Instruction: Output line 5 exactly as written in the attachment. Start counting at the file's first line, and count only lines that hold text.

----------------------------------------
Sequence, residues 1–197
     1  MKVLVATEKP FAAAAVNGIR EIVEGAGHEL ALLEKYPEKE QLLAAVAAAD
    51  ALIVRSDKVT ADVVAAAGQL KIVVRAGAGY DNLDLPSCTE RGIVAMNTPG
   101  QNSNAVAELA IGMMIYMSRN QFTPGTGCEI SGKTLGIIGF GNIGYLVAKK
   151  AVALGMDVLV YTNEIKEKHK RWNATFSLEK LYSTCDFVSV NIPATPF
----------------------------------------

   151  AVALGMDVLV YTNEIKEKHK RWNATFSLEK LYSTCDFVSV NIPATPF